Removal of Thailand from U.S. Trade Representative’s Priority Watch List Would ‘Undermine Rule of Law,’ Opinion Piece Says
The "protest" by 35 House Democrats against U.S. Trade Representative Susan Schwab's decision to place Thailand on a priority watch list of countries violating intellectual property laws "demonstrates an uncanny instinct for getting things wrong," Ronald Cass, chair of the Center for the Rule of Law and former commissioner and vice chair of the U.S. International Trade Commission, writes in a Wall Street Journal opinion piece. He adds that if their "intervention is not rebuffed, it would also undermine the rule of law" (Cass, Wall Street Journal, 7/2).
The 35 House Democrats, led by Reps. Henry Waxman (Calif.) and Tom Allen (Maine), in a letter released last month criticized Schwab for including Thailand on the list in the trade office's annual report. They also called on Schwab to reverse the designation. "It is difficult to interpret this decision as anything other than retaliation for Thailand's recent" steps to issue compulsory licenses to manufacture generic versions of antiretroviral drugs and other medications, the letter said, adding, "It sends a troubling message, not only to Thailand but to the whole world, that the exercise of recognized public health flexibilities in trade obligations is frowned upon by" the U.S. (Kaiser Daily HIV/AIDS Report, 6/22).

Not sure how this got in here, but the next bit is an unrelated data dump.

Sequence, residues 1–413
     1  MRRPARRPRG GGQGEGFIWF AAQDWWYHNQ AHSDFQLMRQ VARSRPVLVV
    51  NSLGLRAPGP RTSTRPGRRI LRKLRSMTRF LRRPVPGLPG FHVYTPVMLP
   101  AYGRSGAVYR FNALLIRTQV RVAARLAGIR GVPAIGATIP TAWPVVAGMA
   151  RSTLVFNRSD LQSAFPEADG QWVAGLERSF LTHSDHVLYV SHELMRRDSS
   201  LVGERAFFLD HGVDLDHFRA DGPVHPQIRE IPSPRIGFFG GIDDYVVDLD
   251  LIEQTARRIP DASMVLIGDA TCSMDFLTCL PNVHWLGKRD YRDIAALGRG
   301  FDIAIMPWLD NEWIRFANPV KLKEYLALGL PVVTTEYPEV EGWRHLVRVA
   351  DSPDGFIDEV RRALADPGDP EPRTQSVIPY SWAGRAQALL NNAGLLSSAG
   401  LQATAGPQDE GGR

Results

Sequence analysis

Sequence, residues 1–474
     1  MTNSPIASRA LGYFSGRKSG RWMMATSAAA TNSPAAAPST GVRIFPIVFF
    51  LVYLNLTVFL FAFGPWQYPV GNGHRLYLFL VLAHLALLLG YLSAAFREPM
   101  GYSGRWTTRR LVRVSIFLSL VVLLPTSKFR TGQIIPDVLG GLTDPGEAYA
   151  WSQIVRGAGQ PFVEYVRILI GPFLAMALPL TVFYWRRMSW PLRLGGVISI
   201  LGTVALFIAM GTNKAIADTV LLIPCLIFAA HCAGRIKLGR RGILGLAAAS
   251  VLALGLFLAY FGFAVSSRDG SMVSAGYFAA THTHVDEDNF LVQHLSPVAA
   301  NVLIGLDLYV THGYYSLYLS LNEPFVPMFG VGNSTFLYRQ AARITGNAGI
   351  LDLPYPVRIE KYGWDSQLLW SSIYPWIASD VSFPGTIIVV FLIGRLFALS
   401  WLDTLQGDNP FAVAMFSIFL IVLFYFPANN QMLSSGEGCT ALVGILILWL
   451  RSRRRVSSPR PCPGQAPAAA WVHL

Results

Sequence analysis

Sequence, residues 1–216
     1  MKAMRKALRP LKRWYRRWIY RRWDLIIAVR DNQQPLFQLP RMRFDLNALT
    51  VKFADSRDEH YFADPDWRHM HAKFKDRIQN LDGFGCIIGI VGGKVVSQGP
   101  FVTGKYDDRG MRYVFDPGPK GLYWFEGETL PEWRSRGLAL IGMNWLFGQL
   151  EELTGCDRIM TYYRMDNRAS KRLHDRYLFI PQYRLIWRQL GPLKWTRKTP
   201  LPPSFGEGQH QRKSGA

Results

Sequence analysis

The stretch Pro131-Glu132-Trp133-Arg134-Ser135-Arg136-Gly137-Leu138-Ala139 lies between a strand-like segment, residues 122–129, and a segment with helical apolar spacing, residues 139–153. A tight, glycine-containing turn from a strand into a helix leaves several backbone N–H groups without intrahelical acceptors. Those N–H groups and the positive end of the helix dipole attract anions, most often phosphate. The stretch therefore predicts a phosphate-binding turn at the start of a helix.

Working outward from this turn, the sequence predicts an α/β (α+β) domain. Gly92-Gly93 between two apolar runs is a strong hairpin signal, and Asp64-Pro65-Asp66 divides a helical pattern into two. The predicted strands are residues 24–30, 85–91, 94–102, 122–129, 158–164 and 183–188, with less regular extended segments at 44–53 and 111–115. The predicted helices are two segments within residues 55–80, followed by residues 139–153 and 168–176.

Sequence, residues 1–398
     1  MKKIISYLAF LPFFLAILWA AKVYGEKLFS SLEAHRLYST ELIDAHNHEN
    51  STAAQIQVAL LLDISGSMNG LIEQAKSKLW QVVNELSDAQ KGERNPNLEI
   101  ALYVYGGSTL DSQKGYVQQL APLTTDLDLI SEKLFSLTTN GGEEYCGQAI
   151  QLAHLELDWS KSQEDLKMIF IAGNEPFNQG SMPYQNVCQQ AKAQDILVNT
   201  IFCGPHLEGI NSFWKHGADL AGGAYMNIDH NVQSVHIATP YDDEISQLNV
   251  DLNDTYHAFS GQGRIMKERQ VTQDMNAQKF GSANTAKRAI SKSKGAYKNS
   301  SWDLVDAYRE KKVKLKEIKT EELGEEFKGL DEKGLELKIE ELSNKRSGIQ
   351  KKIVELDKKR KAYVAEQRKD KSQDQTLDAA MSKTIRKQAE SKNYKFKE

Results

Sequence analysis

The lawmakers' "demand" sends a "signal that the U.S. would be making a disastrous turn to policies that discourage innovation, reduce productivity and lower economic growth," Cass writes. The lawmakers also "insist" that Schwab "broadly support compulsory licensing for any nation wanting lower costs for patented drugs in the short term -- even if that violates" the World Trade Organization's Agreement on Trade-Related Aspects of Intellectual Property Rights, "reduces incentives for drug companies to invest in new drugs" and "takes away a bargaining chip useful to future negotiations," he adds. Congress is "not institutionally equipped nor constitutionally empowered to exercise executive authority," Cass writes, asking that if Waxman and his colleagues "get to remove countries they like from the Priority Watch list, what is to stop them, or others, from adding countries they dislike?" Cass writes that Schwab, who has until July 9 to reply to the letter, should "explain this" point, adding that if Waxman and his colleagues "can't get the easy case right, there's little hope they'll do better on harder ones yet to come" (Wall Street Journal, 7/2).